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Volume 1, Issue 15: Thursday, August 28, 2003

  • "Structured-ASIC Debate Building in Fervor"
    EBN (08/22/03); Souza, Crista

    Despite critics predictions that structured ASICs were a fad, vendors say business for the offerings is taking off. There is also a formal industry association being formed with 90 percent of existing structured ASIC suppliers purportedly involved, along with some EDA firms. Hewlett-Packard Electronic Systems Technology Center manager of ASIC and ASSP technology, Mobashar Yazdani, says all of the existing solutions require just one-tenth of the non-recoverable engineering costs of a normal ASIC design, but he also warns "it's not as simple as it looks." As for per-unit price, structured ASICs are usually twice that of normal cell-based designs, but less than an FPGA, and are ideal for volumes between 10,000 units and 100,000 units, says Yazdani. LSI Logic RapidChip's Mark Nelson, whose company insists its platform approach is distinct from other structured ASIC offerings, says time-to-market and cost considerations are driving the in-between trend. A 12-million-gate design might have to be partitioned into two or three structured ASICs, he says, so that chip-level performance and system architecture is impacted slightly. Altera is moving toward the middle with its HardCopy technology, which it now says does not require an FPGA design to create a HardCopy ASIC. Xilinx, meanwhile, continues to resist the trend, saying that IP selection and placement issues force down tool prices and alienate EDA software partners. In-Stat/MDR analyst Jerry Worchel, while predicting a $460 million market for structured ASICs by 2007, also warns that current offerings are not differentiated enough to satisfy system designers.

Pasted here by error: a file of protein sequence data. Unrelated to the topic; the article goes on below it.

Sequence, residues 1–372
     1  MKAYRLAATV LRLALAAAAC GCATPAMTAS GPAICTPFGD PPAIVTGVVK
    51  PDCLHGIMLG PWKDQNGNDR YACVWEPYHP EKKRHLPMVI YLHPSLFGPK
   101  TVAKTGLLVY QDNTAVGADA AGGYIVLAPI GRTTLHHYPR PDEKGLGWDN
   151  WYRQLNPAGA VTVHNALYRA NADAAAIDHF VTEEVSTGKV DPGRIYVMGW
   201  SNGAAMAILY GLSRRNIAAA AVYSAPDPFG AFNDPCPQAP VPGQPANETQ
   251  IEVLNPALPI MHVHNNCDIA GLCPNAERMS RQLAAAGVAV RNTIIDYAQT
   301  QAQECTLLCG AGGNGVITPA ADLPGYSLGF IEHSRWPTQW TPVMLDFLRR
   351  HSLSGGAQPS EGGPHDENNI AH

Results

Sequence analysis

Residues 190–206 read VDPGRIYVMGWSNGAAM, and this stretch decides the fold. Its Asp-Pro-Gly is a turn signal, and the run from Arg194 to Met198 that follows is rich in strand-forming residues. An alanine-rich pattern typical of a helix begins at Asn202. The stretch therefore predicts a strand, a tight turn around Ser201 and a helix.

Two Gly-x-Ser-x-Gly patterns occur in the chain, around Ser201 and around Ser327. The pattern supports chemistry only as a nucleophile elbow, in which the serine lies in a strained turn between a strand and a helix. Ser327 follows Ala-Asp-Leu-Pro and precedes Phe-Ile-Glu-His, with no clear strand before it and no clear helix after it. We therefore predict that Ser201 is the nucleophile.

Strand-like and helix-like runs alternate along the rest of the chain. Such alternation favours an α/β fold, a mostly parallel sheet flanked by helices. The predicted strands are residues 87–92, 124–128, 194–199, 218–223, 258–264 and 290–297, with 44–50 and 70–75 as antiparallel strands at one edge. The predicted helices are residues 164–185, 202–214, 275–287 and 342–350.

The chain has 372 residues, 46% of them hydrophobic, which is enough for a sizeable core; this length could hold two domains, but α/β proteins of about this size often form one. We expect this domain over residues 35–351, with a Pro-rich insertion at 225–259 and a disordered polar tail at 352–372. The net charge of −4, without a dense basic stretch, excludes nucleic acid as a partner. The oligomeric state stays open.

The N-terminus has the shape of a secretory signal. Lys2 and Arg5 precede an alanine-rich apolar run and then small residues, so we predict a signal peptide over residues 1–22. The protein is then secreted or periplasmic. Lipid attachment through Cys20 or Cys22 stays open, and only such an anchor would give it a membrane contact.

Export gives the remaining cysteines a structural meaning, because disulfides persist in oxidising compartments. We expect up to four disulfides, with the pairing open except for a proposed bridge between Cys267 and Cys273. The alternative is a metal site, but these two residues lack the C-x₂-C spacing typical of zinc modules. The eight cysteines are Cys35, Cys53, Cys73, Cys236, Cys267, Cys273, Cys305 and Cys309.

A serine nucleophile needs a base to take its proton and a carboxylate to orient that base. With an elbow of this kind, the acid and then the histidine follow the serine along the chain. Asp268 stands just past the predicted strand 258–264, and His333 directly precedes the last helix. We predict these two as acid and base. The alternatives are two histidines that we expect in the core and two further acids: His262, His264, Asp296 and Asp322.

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  • "Arab Engineers Launch Open-Source Organization"
    EE Times (08/27/03); Goering, Richard

    A handful of young Arab engineers have created an online open-source organization that seeks to give designers and engineers from the developing world an outlet for their creative talents. Site co-founder and Ramallah-based FPGA design engineer Jamil Khatib says Handasa Arabia, or "Arabic Engineering," will enable engineers from developing nations to keep up to date on the latest technology and to bridge educational, technological, and cultural gaps. Khatib has already set up www.OpenCores.org, a Web site offering open-source chip IP, and produced OpenTech, a $25 package containing open-source design automation tools and IP. He says open-source cores are easy to design because they require only simulation tools and a programmable logic prototype board for testing. The Handasa Arabia site lists the first Arabic PDA project, called OFOQ, which currently has an implemented and synthesized core processor, though three graduated versions of the Linux PDA are described in the project outline. Co-founder Mohamed Salem, a hardware design engineer in Cairo, Egypt, says Handasa Arabia already has participants in the United States, Canada, Europe, India, China, Indonesia, and Malaysia, and is also drawing interest from university graduate students. He believes corporate sponsors will accelerate the site development once real products are created.
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  • "Silent Pump for Water-cooled PCs Developed"
    New Scientist (08/25/03); Cohen, David